Giving a fig
If you have the good fortune of access to a fig tree, you can enjoy the delights of figs — fresh, roasted, in chutney or a multitude of other ways. Fig leaves can be used to wrap cheeses and for cooking, adding subtle aromas of coconut, vanilla and more. Here are several ways to use figs of the season.
Serve this chutney on a cheeseboard, in a sandwich, or with the salmon wrapped in fig leaf as seen here. It’s a great way to use up an abundance of figs and to enjoy them throughout the year.
½ cup brown sugar
½ cup apple cider vinegar
2 cups figs, fresh or frozen, stems removed and quartered
1 apple, diced
1 large white onion, chopped
⅓ cup raisins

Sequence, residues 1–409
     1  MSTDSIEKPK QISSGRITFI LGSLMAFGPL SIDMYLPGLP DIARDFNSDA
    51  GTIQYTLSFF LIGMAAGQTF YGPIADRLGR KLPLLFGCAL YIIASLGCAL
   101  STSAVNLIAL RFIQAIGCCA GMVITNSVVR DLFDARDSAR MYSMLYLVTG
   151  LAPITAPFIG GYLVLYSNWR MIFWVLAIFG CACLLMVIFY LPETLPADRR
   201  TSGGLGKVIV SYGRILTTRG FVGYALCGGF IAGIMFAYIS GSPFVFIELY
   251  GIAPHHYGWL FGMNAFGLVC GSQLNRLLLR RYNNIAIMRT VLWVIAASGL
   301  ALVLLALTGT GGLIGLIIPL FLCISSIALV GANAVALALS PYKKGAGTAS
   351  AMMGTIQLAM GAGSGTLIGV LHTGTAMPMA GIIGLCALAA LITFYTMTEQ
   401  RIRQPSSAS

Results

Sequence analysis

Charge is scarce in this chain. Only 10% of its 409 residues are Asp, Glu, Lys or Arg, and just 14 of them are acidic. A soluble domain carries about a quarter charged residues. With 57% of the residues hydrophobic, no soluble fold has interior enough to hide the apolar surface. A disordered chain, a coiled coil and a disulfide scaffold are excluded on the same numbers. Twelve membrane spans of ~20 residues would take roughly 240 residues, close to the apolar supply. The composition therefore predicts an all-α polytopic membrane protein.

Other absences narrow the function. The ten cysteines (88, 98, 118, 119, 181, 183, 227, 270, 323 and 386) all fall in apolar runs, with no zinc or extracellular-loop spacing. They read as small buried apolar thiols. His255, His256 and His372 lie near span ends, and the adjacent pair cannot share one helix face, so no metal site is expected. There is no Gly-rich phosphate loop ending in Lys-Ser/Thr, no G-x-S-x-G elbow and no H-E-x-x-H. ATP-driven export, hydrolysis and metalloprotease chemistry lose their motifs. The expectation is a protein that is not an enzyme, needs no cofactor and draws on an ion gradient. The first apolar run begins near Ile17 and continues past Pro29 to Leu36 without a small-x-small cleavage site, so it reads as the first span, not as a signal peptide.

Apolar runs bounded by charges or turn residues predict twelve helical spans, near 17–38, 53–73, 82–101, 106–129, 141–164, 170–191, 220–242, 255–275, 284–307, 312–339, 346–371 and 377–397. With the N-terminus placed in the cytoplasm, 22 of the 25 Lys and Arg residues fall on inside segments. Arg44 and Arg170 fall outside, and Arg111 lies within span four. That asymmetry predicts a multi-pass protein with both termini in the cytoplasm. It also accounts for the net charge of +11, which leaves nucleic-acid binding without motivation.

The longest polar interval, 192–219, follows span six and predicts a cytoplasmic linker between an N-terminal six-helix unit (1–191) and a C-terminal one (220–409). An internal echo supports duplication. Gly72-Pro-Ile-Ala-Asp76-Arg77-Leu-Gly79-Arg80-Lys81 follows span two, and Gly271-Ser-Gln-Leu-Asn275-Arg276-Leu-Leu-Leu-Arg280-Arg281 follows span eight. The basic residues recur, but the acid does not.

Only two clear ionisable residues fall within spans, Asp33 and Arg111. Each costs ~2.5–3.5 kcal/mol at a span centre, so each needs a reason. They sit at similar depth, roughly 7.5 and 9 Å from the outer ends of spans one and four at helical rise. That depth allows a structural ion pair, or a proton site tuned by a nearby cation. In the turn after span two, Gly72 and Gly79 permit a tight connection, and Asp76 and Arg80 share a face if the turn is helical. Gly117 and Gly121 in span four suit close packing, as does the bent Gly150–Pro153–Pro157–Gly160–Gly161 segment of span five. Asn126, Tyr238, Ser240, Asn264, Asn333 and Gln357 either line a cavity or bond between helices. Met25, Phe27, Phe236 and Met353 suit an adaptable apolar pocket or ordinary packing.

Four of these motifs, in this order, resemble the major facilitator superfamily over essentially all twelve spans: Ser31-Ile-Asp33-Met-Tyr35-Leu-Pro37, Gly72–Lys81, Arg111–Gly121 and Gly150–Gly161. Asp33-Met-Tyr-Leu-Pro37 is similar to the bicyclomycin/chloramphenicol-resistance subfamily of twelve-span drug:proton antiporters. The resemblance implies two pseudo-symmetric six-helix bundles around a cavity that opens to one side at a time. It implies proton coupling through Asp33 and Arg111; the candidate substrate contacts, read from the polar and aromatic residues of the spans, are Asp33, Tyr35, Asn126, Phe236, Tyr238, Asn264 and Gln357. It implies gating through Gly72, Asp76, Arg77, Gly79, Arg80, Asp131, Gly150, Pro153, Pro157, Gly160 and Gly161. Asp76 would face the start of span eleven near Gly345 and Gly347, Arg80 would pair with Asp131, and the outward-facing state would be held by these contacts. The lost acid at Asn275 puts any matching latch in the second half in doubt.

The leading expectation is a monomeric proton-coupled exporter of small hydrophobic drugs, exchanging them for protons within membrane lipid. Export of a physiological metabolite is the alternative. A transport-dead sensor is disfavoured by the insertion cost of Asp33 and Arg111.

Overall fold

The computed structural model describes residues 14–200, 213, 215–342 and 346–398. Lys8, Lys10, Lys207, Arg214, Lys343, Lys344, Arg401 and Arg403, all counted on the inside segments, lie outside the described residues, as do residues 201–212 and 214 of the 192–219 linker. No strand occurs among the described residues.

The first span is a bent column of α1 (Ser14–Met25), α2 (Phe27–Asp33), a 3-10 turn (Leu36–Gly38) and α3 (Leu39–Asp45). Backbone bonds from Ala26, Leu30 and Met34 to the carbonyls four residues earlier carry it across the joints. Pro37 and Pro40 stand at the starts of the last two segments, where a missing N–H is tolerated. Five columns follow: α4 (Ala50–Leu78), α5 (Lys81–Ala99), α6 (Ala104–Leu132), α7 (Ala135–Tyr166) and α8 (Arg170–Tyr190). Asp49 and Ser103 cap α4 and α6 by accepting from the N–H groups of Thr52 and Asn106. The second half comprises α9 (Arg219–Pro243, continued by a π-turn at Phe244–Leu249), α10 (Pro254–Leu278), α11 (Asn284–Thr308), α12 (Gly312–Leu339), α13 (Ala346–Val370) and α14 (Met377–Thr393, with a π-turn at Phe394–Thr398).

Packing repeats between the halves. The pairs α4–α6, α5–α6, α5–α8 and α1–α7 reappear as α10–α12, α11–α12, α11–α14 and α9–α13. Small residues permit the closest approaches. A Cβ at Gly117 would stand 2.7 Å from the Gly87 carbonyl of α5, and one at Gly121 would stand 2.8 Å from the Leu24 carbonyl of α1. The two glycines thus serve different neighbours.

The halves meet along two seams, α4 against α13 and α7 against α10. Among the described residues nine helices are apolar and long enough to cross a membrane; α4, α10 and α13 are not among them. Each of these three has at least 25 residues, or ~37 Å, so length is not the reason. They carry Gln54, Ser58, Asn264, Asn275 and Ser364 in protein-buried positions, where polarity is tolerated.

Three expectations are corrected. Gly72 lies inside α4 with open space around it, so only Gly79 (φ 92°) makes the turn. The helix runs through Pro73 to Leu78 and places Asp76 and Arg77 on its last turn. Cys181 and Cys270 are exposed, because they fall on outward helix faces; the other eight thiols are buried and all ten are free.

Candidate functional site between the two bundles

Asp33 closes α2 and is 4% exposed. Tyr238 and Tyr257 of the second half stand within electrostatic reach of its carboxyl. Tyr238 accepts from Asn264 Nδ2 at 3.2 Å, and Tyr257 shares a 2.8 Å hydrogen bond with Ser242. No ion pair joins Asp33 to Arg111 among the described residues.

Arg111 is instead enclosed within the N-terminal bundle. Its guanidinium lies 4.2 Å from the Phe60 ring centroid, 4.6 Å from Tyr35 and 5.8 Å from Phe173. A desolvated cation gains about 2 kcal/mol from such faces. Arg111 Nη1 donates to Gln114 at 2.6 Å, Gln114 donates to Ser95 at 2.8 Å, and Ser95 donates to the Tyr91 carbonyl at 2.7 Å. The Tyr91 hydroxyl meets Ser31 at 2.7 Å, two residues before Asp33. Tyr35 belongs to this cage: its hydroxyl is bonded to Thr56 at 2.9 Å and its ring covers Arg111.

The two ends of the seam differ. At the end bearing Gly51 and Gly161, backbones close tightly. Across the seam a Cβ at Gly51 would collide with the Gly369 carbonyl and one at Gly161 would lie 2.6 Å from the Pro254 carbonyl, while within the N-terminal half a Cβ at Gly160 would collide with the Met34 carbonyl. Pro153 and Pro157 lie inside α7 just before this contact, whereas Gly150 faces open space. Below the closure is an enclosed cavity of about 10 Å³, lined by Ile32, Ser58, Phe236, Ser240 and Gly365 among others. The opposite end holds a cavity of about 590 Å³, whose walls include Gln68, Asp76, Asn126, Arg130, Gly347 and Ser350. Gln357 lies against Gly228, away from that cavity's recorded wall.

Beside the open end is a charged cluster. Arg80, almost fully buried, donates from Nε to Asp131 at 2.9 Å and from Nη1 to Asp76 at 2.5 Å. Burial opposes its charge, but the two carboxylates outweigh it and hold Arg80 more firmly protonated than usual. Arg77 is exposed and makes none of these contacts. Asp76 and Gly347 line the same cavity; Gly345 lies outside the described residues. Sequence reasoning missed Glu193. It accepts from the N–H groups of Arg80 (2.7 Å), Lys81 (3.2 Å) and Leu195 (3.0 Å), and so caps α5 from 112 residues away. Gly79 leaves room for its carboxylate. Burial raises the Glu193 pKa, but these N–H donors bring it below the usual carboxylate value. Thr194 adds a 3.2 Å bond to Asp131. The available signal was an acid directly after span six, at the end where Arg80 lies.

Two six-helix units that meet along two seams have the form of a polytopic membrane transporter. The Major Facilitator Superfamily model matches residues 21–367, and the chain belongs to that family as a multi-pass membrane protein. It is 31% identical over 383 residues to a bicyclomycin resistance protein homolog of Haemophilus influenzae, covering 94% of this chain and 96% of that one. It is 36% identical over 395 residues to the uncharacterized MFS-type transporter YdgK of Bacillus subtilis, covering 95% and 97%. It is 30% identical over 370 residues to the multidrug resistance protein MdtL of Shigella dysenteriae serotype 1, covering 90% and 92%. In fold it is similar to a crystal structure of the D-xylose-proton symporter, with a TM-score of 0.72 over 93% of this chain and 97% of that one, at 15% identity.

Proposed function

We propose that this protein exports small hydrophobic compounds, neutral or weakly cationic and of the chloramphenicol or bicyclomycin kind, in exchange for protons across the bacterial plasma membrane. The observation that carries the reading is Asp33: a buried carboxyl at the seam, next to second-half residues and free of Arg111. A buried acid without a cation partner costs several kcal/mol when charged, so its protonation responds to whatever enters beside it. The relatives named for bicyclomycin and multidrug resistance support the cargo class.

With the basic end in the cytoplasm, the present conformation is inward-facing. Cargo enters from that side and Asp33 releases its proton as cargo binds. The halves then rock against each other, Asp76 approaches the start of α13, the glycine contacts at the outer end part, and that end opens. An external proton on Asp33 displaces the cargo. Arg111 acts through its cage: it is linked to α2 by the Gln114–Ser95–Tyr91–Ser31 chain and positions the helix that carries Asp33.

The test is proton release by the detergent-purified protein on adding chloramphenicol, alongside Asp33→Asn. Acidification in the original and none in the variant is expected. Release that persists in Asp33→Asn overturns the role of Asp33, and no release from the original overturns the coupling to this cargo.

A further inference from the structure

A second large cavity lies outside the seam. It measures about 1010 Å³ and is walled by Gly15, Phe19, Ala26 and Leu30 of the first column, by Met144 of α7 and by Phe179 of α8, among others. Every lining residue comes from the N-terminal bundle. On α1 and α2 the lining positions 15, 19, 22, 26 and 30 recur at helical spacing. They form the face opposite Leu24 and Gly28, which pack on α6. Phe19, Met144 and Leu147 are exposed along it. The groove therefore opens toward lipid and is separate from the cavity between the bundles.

⅓ tsp salt
½ tsp ground ginger
¼ tsp ground cloves
¼ tsp ground nutmeg
Soak raisins in a bowl of hot water for 10 minutes, then drain. In a saucepan add all of the ingredients, including the soaked raisins.Bring to a boil, then reduce to low heat and cook for about an hour, stirring frequently. Put the chutney into a jar and store it in a cool dry place.
Salmon Wrapped in Fig Leaf
This method of cooking is based off the French term ‘en papillote ’— enveloped in paper. Except instead of baking paper, we are using a fig leaf. This helps keep moisture in and the fig leaf adds a subtle coconut aroma to your fish.
4 fillets of salmon, 80–100g each
4 large fig leaves
extra virgin olive oil
salt and pepper
Preheat your oven to 180°C. Drizzle the salmon with olive oil and season with salt and pepper.
Wrap each piece of salmon in a fig leaf and place on a lined baking tray. Transfer to the oven, and bake until cooked through, 10–12 minutes. Unwrap salmon and serve on top of the fig leaf with a side of fig chutney.
Reprinted with permission from Nourish Magazine.